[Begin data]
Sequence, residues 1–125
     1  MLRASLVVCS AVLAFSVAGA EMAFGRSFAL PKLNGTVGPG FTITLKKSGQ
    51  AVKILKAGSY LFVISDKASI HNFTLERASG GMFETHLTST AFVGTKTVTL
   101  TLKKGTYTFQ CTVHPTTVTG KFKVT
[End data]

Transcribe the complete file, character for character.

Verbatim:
Sequence, residues 1–125
     1  MLRASLVVCS AVLAFSVAGA EMAFGRSFAL PKLNGTVGPG FTITLKKSGQ
    51  AVKILKAGSY LFVISDKASI HNFTLERASG GMFETHLTST AFVGTKTVTL
   101  TLKKGTYTFQ CTVHPTTVTG KFKVT